Wednesday, October 21, 2009
Narrative Magazine/Jill McCorkle/Darlin' Neal/Short Story Review
Nominating Editors: Tom Jenks and Rebecca Kaden
Narrative Magazine was founded in 2003 as a nonprofit organization dedicated to advancing the literary arts in the digital age and to encouraging readership around the world and across generations. Narrative offers weekly updated contents and an extensive archive, including fiction, nonfiction, poetry, visual art, and special features by the best established and emerging talents available anywhere today. Each year Narrative publishes first-run works by more than three hundred authors and artists, and many of those works go on to be included in prominent anthologies. Narrative writers have received the Pulitzer Prize, the National Book Award, the Rea Award, the Rona Jaffe Award, and many other honors.
In selecting works for publication, Narrative editors look for stories with a strong narrative drive, with characters we can respond to as human beings, and with effects of language, situation, and insight that are intense and total. We look for works that have the ambition of enlarging our view of ourselves and the world. In all work, whether written or visual, we watch for originality, intelligence, and sophistication in the handling of the form. And we look for work that will engage our readers’ sense of pleasure.
One recent story we’re very proud of is Jill McCorkle’s “Magic Words,” which appeared in our Fall 2008 issue and was later selected for The Best American Short Stories 2009, New Stories from the South 2009, Best of the Net 2008, and the Million Writers Award Notable Stories 2008. A title such as “Magic Words” promises a lot, and the story delivers, when a middle-aged wife and mother on her way to a tryst is waylaid by a teenager in trouble. In McCorkle’s hands, please and thank you take on raw desire and regret, menace, and, finally, supplicating hope in the face of all that denies it. “Magic Words” embodies mastery and the sheer pleasure of a great story.
Nominated Short Story: “Magic Words” - Jill McCorkle
Reviewed: by Darlin' Neal
Jill McCorkle’s short story, “Magic Words,” opens with Paula Blake sneaking away to meet a coworker who waits in a hotel room. She escapes a husband busily writing the weekly newsletter that warns the neighborhood of dangerous creatures: coyotes, raccoons and bats. She drops off her loud teenagers at the movies. Behind she leaves a house of things untended: laundry, dirty dishes, an unscooped litter box. She is a guilt ridden mother and wife distracted by the feel of her thin panties and fantasies of the man she’s kissed on a stairwell. Once alone in the car she removes her turtleneck to reveal the thin black lace camisole she spent hours that day choosing instead of buying groceries. The story teases us in toward the consummation of the affair, thoughts of the man in the room waiting, ringing her cell phone impatiently.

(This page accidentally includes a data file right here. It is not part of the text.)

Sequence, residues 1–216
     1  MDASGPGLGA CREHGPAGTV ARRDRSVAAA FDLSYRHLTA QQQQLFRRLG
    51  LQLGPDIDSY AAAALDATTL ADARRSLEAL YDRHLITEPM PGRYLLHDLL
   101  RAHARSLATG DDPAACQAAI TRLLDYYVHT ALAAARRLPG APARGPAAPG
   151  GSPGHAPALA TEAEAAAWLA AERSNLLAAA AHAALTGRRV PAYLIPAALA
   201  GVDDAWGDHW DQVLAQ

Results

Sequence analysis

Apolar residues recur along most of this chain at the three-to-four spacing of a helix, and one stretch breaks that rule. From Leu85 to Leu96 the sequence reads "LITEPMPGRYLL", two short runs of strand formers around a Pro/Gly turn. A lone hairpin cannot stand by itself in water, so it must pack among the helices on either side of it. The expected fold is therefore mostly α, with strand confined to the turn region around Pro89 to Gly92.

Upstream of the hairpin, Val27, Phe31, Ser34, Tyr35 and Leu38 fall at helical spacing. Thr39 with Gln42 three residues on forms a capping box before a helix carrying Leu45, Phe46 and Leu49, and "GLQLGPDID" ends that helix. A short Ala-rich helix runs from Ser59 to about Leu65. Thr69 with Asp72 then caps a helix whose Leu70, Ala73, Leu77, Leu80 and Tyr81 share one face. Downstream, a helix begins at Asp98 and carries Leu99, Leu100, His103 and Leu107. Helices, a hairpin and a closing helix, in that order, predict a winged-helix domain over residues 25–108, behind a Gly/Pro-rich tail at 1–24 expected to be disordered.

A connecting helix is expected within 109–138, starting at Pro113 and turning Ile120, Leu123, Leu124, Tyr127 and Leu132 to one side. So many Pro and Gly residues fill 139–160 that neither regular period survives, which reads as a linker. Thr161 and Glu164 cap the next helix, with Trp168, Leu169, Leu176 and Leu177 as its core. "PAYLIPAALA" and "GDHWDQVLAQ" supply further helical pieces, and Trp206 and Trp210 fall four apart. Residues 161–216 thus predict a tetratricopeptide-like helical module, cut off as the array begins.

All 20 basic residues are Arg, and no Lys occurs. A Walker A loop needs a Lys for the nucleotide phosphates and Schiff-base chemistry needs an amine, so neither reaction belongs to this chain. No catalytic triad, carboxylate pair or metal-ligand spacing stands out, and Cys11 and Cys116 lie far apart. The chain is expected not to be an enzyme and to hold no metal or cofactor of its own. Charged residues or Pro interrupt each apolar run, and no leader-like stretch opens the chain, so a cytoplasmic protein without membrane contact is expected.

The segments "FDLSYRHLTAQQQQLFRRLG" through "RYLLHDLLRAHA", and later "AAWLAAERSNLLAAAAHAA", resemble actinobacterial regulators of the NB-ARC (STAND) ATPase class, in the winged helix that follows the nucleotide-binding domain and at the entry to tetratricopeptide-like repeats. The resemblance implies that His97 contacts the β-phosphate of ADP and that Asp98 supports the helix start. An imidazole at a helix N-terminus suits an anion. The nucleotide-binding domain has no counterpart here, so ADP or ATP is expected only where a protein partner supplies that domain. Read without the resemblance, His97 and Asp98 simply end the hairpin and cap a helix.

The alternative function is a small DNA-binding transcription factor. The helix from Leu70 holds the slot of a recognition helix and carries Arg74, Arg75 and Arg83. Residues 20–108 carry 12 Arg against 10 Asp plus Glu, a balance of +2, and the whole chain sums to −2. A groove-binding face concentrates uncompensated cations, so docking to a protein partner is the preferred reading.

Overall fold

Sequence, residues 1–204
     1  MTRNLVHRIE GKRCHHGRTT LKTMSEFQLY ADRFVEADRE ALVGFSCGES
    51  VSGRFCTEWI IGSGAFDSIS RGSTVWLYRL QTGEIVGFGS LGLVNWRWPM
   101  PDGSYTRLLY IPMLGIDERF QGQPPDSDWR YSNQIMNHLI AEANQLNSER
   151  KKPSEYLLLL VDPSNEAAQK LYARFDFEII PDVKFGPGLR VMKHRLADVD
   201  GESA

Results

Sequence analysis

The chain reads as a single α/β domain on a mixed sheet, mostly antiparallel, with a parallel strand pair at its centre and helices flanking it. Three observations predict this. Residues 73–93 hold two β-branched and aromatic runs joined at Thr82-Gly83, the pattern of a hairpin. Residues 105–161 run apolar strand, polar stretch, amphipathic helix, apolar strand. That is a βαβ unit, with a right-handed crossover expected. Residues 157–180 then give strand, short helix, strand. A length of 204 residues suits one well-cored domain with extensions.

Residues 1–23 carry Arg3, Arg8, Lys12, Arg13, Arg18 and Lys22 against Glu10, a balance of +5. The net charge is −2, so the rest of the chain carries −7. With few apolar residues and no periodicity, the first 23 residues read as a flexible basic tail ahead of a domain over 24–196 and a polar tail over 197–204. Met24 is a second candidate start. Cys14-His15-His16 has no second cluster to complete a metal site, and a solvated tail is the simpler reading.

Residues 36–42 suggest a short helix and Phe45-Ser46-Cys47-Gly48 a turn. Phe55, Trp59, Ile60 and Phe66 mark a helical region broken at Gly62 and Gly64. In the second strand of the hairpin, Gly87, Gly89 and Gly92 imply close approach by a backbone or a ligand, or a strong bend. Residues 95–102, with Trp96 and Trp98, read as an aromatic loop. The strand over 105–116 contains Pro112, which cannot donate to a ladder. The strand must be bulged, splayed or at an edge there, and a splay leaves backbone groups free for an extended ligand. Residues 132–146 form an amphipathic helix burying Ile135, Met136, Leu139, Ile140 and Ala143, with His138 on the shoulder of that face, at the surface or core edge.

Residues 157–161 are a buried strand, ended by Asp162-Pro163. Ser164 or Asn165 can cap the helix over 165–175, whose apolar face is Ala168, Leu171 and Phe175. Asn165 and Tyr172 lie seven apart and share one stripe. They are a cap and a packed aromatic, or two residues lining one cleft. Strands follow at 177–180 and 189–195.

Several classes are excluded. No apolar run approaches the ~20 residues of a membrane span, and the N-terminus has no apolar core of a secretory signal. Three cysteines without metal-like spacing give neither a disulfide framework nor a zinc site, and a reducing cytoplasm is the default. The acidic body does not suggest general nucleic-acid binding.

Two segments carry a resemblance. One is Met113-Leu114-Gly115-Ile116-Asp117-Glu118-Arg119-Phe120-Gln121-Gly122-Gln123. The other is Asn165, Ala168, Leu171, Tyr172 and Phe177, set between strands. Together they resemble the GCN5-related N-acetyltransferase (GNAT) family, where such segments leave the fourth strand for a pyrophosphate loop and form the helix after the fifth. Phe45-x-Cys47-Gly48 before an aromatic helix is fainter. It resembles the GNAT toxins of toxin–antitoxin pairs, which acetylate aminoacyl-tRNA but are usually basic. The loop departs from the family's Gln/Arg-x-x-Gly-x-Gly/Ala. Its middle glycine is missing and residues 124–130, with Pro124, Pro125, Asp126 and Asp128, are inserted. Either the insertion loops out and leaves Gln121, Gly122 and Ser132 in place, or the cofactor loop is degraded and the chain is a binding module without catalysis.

The story then takes a shift which at first feels off, a point of view shift to kids creepy crawling through the neighborhood, a phrase their rough leader has borrowed from the Manson family after reading Helter Skelter. The leader makes evil plans and terrorizes his followers. The narration hones in on Lauren and the terrifying trap in which she has placed herself by coming along with this group. Paula will think of her later as, “the ‘Don’t’ poster child of this town, the local object lesson in how quickly a child can go bad.”
The narration takes another turn, from these kids outside into another home and point of view, to the recently widowed Agnes Hayes alone and regretting retirement from school teaching. She longs for her son’s forgiveness and companionship. She practices what she will say to him, “It’s your mom. Please talk to me.”
The shifts that at first may make the reader trip now find a rhythm as we go back and forth seamlessly through these stories and stumble upon the connections. Not only does McCorkle grip the reader with tension, she makes us care about these characters, even the cats and dogs. It’s breathtaking how she brings all the separate stories together in the end, all the stories of longing away from and toward home with all the dangers teeming outside. The unexpected and winding journey McCorkle takes the reader on is well worth the read.
Darlin' Neal is the author of the short story collection, Rattlesnakes and The Moon, which Press 53 published in February 2010. Her work has appeared in dozens of magazines including The Southern Review, Puerto del Sol, Shenandoah, The Mississippi Review, Per Contra, and Smokelong Quarterly. She is assistant professor in the MFA program at the University of Central Florida.
Thanks for visiting Five Star Literary Stories and reading about this short story.